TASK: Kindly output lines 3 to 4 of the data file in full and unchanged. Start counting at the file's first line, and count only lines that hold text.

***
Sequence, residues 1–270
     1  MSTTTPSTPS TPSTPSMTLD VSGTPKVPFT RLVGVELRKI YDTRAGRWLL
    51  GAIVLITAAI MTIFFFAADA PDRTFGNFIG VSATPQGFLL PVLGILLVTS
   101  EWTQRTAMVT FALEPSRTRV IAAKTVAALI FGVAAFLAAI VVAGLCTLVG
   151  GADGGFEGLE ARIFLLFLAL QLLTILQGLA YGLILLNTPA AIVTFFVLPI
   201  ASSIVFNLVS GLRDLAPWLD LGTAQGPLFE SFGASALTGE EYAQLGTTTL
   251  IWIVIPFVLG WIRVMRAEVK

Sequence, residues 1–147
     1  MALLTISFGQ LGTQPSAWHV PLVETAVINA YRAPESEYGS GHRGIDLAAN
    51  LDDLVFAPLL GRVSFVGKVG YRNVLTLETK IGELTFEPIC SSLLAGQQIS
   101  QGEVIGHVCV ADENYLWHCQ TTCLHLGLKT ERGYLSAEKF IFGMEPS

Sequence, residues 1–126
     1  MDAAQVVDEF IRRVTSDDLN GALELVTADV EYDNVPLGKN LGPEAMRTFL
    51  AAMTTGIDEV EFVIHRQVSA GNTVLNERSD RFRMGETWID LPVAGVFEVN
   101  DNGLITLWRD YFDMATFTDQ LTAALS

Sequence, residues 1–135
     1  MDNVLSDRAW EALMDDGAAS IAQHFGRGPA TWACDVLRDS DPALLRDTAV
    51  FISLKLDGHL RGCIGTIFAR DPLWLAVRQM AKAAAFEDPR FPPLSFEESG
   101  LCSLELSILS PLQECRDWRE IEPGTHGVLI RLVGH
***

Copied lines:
    51  GAIVLITAAI MTIFFFAADA PDRTFGNFIG VSATPQGFLL PVLGILLVTS
   101  EWTQRTAMVT FALEPSRTRV IAAKTVAALI FGVAAFLAAI VVAGLCTLVG